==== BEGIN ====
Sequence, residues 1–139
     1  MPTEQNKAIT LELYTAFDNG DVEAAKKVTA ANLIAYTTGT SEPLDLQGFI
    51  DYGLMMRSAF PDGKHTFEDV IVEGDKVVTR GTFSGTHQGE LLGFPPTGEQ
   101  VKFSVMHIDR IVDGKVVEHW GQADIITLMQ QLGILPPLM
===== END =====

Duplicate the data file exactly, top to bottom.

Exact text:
Sequence, residues 1–139
     1  MPTEQNKAIT LELYTAFDNG DVEAAKKVTA ANLIAYTTGT SEPLDLQGFI
    51  DYGLMMRSAF PDGKHTFEDV IVEGDKVVTR GTFSGTHQGE LLGFPPTGEQ
   101  VKFSVMHIDR IVDGKVVEHW GQADIITLMQ QLGILPPLM